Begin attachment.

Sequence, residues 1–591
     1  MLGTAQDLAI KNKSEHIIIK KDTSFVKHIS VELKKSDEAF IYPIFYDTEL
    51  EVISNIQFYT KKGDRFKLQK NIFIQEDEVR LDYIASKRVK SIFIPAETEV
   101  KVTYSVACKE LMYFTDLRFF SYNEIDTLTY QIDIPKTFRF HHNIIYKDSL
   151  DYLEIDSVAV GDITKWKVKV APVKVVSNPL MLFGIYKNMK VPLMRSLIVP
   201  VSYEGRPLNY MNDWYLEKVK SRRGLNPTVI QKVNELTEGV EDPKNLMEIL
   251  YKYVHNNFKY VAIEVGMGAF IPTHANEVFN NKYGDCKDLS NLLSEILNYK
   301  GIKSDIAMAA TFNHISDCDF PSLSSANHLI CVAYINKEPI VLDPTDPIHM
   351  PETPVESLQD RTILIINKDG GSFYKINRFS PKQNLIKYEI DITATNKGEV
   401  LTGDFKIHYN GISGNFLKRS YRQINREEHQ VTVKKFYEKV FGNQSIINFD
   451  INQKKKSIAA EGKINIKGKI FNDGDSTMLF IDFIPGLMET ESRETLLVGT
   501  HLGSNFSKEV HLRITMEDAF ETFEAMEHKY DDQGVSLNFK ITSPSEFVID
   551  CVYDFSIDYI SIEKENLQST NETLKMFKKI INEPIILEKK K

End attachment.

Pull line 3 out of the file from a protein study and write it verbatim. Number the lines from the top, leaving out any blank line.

    51  EVISNIQFYT KKGDRFKLQK NIFIQEDEVR LDYIASKRVK SIFIPAETEV